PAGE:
Persekian’s dismissal has angered and disappointed many in the regional and international art community. He is a longtime supporter of regional artists, beginning with his exhibitions of international and Palestinian artists at Anadiel Gallery in Jerusalem in the 1990s and later at the Jerusalem nonprofit al-Ma’mal. After curating the seventh edition of the Biennial in 2006, Persekian was offered the position of the Foundation’s director. During this tenure, he raised the Sharjah Biennial’s profile by involving international curators and a better roster of regional and international artists. Persekian was instrumental in expanding the Biennial into the SAF, which along with organizing the festival, supports artist residencies, the production of artworks and publications, and the annual March Meeting, a conference of artists and arts professionals from North Africa and West, South and Central Asia.
Prior to the announcement and the removal of Benfodil’s work, the SAF was esteemed as one of the most active and progressive institutions in the region, all the more exceptional for its location in the religiously conservative emirate of Sharjah. For years, Persekian and the Foundation had successfully negotiated between the free speech of artists supported by the Foundation—almost none of whom are UAE citizens—and Sharjah’s government.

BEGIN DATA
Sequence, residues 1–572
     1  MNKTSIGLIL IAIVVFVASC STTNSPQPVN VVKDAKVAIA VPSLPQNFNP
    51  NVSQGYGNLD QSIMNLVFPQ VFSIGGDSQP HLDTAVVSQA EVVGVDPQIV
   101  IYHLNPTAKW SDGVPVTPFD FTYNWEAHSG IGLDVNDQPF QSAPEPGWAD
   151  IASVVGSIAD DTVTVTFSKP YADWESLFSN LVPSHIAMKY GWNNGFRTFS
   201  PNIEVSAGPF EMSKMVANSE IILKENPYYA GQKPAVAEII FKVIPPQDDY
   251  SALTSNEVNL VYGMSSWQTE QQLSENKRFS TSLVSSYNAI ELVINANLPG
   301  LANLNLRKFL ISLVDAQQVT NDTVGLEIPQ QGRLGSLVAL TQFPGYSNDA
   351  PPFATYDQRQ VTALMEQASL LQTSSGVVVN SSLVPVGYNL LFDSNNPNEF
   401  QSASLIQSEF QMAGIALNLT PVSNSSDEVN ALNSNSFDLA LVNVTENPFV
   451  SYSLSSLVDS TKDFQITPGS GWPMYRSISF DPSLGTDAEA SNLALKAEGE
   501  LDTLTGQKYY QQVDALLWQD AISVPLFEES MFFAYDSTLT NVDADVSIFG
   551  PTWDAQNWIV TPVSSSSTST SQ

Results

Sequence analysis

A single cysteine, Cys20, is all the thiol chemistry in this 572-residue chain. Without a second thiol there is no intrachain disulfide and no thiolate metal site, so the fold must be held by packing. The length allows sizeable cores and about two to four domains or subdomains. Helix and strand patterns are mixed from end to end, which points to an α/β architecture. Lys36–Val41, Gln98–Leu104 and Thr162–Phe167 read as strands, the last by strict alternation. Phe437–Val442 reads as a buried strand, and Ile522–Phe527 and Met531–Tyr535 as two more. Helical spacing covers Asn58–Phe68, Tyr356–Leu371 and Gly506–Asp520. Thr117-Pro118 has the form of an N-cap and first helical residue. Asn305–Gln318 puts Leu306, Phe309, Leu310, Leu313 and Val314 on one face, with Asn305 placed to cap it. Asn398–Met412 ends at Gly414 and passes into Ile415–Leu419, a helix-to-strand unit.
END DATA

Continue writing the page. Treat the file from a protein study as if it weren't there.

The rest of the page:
The organization was believed to be sheltered from excessive political meddling in part because the Sultan’s daughter Sheikha Hoor al-Qasimi is the SAF’s president. The Sheikha, who studied at London’s Royal College of Art, is known to have had a particularly strong working relationship with Persekian, who acted as her advisor and mentor. She was reportedly in London at the time he was dismissed and did not comment for more than a week.
In her first public statement on April 13, Hoor al-Qasimi defended the actions of the Foundation in agreeing to remove Benfodil’s artwork after “the public took enormous offense.” She cited the work’s problematic content and its position in a public courtyard, “where children play after school,” as well as its proximity to a mosque, as the reason for its dismantling. And she firmly criticized the content of the work, as well as the Foundation’s staff: “This work paired language that was sexually explicit with religious references in an overt and provocative manner. Like all organizations that present art in the public realm, it is the duty of the presenters of the art to work closely with the artist to determine if said work is suitable to the public context. In this case, this due diligence did not occur. Mr. Persekian has publically [sic] accepted responsibility for his failure to have seen the work in question. As those who work with the not-for-profit or government arts sector understand, the duty of due diligence and proper governance rests with the office of Director.”